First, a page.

What do you understand by the .Net Assembly Manifest? Where can we save or store manifest? Is Assembly Identity made up of? What kind of data can be saved in the manifest?
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.Net Assembly Manifest Definition: Manifest stands for Assemblies. Metadata refers to data about data or machine-readable information about a resource. MetaData: Metadata is a set of information that indicates how the pieces of an assembly are related to one another and the relationship between themRead more
.Net Assembly Manifest Definition:
Manifest stands for Assemblies. Metadata refers to data about data or machine-readable information about a resource.
MetaData: Metadata is a set of information that indicates how the pieces of an assembly are related to one another and the relationship between them. It provides the relationships and dependencies among the Assembly’s components, as well as version information, scope information, and the Assembly’s security permits.
Metadata for an assembly comprises type definitions, version information, external assembly references, and other specified information.
With Microsoft Intermediate Language (MSIL) code, the Assembly Manifest can be saved in a Portable Executable (PE) file. Using assembly attributes in our code, we may add or alter certain information in the Assembly Manifest. The Assembly Manifest can be stored in either a Microsoft Intermediate Language (MSIL) coded PE file (.exe or.dll) or a standalone PE file that solely contains assembly manifest information.
You can see the manifest information for any managed DLL with ILDasm.
Metadata: The name of each type, its visibility/scope, its base class, the implemented interfaces, methods, and their scope, and each method’s parameters, type’s attributes, and so on are all described in the metadata for the assembly classes, interfaces, enums, structs, and their contained namespaces.
Manifest: The term “manifest” refers to the act of putting something together. Name of the Assembly, its version number, culture, strong name, a list of all files, Type references, and referenced assemblies.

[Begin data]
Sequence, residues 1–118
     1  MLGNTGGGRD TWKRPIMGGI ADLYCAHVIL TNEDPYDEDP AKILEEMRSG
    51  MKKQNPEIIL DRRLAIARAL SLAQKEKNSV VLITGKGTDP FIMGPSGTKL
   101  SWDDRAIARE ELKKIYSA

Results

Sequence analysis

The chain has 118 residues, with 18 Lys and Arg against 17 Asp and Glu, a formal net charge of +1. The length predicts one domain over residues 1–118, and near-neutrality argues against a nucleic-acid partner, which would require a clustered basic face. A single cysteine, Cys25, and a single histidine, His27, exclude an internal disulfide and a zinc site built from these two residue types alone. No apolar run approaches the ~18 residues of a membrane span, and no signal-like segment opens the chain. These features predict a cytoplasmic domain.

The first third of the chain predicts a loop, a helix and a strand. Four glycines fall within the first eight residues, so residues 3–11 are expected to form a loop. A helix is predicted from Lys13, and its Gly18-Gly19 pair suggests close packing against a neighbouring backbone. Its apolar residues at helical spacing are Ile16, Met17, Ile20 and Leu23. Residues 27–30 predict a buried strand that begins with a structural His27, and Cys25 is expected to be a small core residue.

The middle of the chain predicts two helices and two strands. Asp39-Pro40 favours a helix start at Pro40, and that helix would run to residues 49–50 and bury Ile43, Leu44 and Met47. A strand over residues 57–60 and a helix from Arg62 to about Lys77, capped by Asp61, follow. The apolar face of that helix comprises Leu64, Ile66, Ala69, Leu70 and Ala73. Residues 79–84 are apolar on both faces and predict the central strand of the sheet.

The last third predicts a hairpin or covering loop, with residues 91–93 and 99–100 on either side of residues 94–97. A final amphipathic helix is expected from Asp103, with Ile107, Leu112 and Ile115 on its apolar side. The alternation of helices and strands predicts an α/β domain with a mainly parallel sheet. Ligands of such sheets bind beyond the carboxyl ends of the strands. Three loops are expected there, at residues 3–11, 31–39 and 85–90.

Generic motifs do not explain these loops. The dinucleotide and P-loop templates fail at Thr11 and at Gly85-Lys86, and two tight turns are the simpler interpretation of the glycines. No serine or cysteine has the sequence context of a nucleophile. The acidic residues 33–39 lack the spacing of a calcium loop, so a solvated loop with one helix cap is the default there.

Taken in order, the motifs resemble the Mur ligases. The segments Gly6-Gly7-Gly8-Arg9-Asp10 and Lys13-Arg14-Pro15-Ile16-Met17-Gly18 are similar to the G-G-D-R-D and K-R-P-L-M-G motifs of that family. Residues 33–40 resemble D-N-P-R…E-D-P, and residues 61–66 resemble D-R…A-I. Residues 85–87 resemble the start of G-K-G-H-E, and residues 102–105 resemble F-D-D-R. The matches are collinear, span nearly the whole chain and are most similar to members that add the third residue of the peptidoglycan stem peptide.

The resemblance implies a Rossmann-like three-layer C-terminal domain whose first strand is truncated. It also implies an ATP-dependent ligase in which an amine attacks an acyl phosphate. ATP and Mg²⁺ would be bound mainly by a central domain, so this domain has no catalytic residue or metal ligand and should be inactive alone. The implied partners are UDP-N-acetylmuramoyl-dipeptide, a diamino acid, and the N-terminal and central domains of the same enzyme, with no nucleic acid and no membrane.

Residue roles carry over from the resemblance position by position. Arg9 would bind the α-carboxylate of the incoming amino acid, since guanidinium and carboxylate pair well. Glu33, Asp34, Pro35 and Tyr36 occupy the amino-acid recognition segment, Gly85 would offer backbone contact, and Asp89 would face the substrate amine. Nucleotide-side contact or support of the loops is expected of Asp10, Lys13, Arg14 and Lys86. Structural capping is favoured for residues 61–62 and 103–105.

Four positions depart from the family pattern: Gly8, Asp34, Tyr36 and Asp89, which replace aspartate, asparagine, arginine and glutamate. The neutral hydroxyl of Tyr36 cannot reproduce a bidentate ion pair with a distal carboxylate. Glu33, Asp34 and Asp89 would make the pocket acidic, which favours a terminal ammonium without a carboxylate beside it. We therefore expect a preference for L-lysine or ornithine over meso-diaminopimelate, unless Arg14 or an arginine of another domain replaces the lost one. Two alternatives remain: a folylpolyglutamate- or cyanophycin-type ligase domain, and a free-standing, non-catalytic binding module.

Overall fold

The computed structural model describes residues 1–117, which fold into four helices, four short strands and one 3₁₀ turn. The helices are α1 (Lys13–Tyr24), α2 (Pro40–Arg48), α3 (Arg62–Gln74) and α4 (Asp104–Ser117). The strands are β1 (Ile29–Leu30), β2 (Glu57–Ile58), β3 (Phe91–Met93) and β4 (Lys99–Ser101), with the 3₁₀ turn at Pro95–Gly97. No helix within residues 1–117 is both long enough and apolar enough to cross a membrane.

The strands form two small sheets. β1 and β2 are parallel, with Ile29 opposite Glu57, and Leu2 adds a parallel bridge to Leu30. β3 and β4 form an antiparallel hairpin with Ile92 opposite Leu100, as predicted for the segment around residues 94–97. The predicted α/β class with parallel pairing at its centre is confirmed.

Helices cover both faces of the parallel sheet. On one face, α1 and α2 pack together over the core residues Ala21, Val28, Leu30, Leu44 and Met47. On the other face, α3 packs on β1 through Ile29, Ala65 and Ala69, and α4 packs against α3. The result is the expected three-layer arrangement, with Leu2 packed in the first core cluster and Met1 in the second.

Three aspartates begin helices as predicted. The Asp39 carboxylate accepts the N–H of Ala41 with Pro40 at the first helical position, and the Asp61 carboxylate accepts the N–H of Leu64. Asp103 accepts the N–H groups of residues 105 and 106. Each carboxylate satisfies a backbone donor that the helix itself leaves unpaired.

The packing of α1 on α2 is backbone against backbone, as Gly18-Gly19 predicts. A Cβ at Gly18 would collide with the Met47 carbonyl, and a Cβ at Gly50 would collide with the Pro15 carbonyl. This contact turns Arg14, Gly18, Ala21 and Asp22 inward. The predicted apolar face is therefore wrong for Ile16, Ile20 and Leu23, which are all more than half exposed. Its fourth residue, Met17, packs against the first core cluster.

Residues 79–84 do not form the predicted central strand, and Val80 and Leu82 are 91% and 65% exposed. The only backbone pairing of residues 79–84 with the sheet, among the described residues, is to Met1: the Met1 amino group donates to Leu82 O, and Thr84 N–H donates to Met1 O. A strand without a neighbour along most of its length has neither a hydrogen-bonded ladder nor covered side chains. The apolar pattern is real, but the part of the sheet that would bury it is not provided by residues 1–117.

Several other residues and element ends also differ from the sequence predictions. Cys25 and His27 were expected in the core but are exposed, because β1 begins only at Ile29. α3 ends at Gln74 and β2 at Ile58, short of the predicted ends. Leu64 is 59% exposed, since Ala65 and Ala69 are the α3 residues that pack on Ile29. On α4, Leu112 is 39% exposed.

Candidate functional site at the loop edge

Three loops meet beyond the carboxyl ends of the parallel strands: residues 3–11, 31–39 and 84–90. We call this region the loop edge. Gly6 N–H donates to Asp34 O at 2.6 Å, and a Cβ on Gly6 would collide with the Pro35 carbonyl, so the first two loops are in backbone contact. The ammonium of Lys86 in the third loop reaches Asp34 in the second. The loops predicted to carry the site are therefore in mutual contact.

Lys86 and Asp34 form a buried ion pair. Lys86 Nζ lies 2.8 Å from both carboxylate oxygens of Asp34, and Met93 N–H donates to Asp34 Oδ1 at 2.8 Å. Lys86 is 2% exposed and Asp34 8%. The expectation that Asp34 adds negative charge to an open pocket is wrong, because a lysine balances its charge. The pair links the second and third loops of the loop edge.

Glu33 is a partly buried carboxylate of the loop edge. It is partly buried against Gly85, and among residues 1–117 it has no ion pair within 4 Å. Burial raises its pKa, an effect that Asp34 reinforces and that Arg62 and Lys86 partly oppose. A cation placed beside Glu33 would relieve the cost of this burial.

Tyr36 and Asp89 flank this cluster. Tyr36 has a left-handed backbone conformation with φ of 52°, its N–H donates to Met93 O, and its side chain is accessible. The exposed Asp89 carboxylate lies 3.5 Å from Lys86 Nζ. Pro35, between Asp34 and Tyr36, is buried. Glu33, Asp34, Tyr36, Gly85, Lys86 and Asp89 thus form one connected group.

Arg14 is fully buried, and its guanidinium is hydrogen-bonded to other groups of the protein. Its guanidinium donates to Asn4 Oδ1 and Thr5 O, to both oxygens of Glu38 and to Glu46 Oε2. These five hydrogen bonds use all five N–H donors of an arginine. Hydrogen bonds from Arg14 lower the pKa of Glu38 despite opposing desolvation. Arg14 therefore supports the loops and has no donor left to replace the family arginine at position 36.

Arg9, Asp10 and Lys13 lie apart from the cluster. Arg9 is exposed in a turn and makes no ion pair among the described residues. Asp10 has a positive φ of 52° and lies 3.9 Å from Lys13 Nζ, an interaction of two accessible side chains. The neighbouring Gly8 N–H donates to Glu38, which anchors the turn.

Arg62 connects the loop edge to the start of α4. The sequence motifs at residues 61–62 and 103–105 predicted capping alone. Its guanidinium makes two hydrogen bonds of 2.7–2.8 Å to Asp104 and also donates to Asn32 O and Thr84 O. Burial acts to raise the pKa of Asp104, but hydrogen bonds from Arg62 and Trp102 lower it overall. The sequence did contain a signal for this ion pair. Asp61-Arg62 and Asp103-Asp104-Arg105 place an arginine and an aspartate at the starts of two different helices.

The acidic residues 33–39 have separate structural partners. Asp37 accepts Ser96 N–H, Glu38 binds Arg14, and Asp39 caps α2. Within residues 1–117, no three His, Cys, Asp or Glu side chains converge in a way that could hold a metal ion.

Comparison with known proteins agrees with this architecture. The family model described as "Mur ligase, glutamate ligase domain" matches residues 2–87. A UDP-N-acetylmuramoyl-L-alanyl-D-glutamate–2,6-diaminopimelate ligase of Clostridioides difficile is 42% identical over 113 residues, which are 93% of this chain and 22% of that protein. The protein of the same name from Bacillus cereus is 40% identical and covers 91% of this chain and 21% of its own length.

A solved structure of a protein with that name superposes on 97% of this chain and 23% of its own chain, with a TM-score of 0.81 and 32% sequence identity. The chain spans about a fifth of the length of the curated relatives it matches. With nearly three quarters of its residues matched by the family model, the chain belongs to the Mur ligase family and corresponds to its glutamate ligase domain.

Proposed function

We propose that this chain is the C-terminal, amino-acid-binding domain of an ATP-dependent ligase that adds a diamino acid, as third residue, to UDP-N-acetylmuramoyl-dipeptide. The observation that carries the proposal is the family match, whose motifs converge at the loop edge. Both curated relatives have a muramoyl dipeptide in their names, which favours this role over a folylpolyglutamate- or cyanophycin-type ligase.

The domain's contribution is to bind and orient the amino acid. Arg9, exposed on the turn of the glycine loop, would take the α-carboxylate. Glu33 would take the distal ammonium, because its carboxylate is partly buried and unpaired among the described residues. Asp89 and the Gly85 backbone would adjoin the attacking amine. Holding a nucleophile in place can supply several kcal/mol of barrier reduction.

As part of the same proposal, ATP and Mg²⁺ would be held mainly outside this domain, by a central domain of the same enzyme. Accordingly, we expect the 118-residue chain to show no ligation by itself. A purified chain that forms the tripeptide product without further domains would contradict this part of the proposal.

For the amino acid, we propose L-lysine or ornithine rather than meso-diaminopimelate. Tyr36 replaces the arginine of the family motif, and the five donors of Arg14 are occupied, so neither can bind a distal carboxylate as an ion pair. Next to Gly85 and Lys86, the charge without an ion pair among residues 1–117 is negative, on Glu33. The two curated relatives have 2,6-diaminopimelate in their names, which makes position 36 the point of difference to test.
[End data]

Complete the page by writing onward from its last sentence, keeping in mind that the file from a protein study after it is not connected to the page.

The Assembly’s identity is made up of the assembly name, version number, culture, and strong name information.
The following data is saved in Assembly Manifest:
- The name of the Assembly is specified via a text string.
- The main and minor version numbers, as well as the revision and build numbers, are all included in the version number. These numbers and information are used by the common language runtime to enforce version policy.
- If the Assembly has been given a strong name, the public key from the publisher is required.
- The following is a list of the files included in the Assembly: It keeps track of the hash of each file in the Assembly as well as the file’s name.
- This information is utilized for types exported from the Assembly. The runtime environment uses this data to map a type reference to the declaration and implementation file.
- The list of additional assemblies that are statically referred to by the Assembly is included in the information about referenced assemblies. If the Assembly is strongly named, each of these references contains the name and metadata of the dependent Assembly, as well as the Assembly public key.